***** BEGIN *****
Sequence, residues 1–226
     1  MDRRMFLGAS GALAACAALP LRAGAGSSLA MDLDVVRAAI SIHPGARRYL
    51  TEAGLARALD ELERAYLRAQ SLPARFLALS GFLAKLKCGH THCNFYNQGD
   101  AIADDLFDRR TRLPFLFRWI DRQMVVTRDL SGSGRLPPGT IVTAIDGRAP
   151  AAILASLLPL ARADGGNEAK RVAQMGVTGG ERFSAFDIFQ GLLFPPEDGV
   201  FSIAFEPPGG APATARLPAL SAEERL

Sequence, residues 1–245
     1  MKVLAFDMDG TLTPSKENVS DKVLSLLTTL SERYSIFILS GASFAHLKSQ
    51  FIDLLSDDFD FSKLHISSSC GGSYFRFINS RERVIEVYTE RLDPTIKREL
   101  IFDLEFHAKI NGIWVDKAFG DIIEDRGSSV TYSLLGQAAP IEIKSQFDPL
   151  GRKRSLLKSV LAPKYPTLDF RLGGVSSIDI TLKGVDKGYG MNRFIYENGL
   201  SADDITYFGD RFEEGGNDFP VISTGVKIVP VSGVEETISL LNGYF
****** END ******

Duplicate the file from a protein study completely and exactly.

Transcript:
Sequence, residues 1–226
     1  MDRRMFLGAS GALAACAALP LRAGAGSSLA MDLDVVRAAI SIHPGARRYL
    51  TEAGLARALD ELERAYLRAQ SLPARFLALS GFLAKLKCGH THCNFYNQGD
   101  AIADDLFDRR TRLPFLFRWI DRQMVVTRDL SGSGRLPPGT IVTAIDGRAP
   151  AAILASLLPL ARADGGNEAK RVAQMGVTGG ERFSAFDIFQ GLLFPPEDGV
   201  FSIAFEPPGG APATARLPAL SAEERL

Sequence, residues 1–245
     1  MKVLAFDMDG TLTPSKENVS DKVLSLLTTL SERYSIFILS GASFAHLKSQ
    51  FIDLLSDDFD FSKLHISSSC GGSYFRFINS RERVIEVYTE RLDPTIKREL
   101  IFDLEFHAKI NGIWVDKAFG DIIEDRGSSV TYSLLGQAAP IEIKSQFDPL
   151  GRKRSLLKSV LAPKYPTLDF RLGGVSSIDI TLKGVDKGYG MNRFIYENGL
   201  SADDITYFGD RFEEGGNDFP VISTGVKIVP VSGVEETISL LNGYF